Sci-fi robots, the ones we grew up reading about and watching in the movies, are still largely in our imagination.

To the degree they are around, it's largely because of Boston Dynamics, a 25-year-old company that a lot of people call the coolest robot-maker anywhere. Where most robot-makers boast stiff and cute personal assistants and efficient mobile vacuum cleaners, Boston Dynamics produces running, jumping and falling hominoids that get back up, wow and frighten. Take a look at the video of Handle (above).

Which is why it's still strange that deep-pocketed Alphabet _ one of the most ambitious companies in the larger artificial intelligence space _ last week sold Boston Dynamics to SoftBank.

Is Alphabet being short-sighted? The markets seem to think so. Alphabet shares plunged 3.4% on Friday. A reflection of the general tech correction that day? Possibly. Except that Softbank's shares soared 7.4%.

The neat-and-tidy explanation: It's the work of Ruth Porat, Alphabet's brutally efficient CFO, sweeping out moonshot projects and units that, even if they are cool, stand very little chance of kicking out a practical, profitable product any time soon.

  • There is truth in that: Martial Hebert, director of the Robotics Institute at Carnegie Mellon University, tells me that Boston Dynamics robots display "fantastic locomotion." Its work — "so advanced and exceptional" — is showing the way to fast robots. Getting from there to a commercial product would be "a big win," he said.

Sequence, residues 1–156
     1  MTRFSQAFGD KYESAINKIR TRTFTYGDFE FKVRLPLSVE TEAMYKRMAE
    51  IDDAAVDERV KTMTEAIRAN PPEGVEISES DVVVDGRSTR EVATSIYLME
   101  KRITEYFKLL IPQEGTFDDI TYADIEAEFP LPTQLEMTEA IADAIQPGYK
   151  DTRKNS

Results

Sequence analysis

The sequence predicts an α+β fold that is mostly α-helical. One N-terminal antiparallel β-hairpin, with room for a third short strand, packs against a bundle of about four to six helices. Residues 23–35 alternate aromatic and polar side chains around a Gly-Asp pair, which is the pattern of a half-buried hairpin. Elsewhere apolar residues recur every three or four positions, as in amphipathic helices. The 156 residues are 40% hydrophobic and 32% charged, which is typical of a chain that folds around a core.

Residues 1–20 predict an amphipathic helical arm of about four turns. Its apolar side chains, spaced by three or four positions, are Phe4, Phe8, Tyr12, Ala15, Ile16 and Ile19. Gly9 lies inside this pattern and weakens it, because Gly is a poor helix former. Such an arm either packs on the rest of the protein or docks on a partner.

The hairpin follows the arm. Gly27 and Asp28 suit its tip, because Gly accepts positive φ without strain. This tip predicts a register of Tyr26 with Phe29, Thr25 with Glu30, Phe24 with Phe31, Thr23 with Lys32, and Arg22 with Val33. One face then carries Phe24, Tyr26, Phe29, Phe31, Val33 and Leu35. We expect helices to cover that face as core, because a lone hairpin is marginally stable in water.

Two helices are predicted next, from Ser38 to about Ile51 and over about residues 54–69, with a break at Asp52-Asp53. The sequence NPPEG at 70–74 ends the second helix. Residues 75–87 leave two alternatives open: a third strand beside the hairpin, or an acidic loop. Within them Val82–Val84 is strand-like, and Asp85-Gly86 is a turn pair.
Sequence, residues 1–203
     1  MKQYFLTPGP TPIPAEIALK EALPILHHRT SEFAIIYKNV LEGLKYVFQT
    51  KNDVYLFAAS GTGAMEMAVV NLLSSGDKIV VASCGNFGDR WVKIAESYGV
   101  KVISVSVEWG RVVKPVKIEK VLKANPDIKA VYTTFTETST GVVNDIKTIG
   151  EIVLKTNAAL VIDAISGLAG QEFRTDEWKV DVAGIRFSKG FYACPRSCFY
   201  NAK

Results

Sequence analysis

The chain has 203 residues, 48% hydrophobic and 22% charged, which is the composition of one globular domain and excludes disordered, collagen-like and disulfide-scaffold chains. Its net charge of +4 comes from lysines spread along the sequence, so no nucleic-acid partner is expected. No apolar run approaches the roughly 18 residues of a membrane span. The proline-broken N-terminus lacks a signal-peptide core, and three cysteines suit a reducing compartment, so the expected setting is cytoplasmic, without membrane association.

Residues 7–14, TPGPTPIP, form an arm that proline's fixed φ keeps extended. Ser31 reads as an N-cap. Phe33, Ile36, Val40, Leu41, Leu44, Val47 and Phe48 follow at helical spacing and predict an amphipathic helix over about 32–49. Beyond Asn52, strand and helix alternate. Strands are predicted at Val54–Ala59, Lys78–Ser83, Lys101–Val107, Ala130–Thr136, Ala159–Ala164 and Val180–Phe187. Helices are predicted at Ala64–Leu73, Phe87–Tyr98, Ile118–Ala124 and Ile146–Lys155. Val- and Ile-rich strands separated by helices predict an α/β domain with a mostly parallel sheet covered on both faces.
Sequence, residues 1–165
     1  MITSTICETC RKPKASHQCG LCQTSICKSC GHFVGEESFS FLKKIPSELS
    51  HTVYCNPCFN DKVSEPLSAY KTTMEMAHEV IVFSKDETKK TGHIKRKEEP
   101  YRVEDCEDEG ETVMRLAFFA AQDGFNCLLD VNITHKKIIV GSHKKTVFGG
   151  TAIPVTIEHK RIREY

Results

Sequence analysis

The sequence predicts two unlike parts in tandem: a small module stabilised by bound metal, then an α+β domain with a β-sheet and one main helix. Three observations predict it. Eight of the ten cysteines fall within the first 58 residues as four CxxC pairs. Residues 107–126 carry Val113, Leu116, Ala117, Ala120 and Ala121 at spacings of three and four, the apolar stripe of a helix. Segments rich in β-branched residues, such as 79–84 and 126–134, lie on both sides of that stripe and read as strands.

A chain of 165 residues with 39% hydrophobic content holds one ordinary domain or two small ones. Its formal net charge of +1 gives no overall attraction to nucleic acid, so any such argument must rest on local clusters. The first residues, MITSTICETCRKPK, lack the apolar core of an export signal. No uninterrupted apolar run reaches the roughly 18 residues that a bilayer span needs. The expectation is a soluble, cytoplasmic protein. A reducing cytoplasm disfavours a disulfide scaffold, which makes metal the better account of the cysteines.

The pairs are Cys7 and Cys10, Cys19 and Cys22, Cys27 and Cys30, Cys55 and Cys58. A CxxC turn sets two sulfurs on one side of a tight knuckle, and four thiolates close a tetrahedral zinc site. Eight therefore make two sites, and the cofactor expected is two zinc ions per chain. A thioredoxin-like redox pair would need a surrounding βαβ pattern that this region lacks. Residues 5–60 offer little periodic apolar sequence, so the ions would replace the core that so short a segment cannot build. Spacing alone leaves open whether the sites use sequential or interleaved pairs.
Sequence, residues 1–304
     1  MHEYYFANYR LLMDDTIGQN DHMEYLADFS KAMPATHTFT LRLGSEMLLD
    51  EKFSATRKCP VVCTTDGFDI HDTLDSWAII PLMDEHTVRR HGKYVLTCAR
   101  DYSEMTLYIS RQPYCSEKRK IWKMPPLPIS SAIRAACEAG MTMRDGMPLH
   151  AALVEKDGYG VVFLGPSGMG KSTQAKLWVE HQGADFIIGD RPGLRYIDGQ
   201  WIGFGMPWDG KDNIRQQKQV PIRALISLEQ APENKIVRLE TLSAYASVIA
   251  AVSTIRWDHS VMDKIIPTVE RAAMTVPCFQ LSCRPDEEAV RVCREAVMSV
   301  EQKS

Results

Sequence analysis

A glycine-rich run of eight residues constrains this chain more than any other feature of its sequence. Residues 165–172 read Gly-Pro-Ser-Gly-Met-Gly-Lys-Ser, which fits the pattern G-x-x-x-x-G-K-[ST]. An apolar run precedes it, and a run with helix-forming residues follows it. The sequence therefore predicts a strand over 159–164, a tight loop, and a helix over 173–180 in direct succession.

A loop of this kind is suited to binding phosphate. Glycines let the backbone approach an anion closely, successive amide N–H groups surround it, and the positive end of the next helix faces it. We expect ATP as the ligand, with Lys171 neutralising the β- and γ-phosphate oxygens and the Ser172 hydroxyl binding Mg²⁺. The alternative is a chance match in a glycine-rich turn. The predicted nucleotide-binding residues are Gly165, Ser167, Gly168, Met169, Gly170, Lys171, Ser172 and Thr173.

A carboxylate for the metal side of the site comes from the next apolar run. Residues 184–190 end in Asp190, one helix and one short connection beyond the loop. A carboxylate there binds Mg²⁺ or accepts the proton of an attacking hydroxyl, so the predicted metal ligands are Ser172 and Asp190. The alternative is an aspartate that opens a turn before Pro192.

• But Alphabet — among the most prideful enterprises in modern business — clearly decided that the costs weren't acceptable.
  • Watch this Steve Jobs clip for why this is an important question.

Futurism's Dom Galeon suggests that it's Softbank with the vision this time: The deal fits Softbank CEO Masayoshi Son's aim of prodding along the Singularity, or super-human intelligence, by 2047.

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Bolton's hidden aftershocks

Photo illustration: Sarah Grillo/Axios. Photo: Justin Sullivan/Getty Images

The news media has largely moved on, but foreign government officials remain fixated on John Bolton's memoir, "The Room Where It Happened."

Why it matters: Bolton's detailed inside-the-Oval revelations have raised the blood pressure of allies who were already stressed about President Trump's unreliability.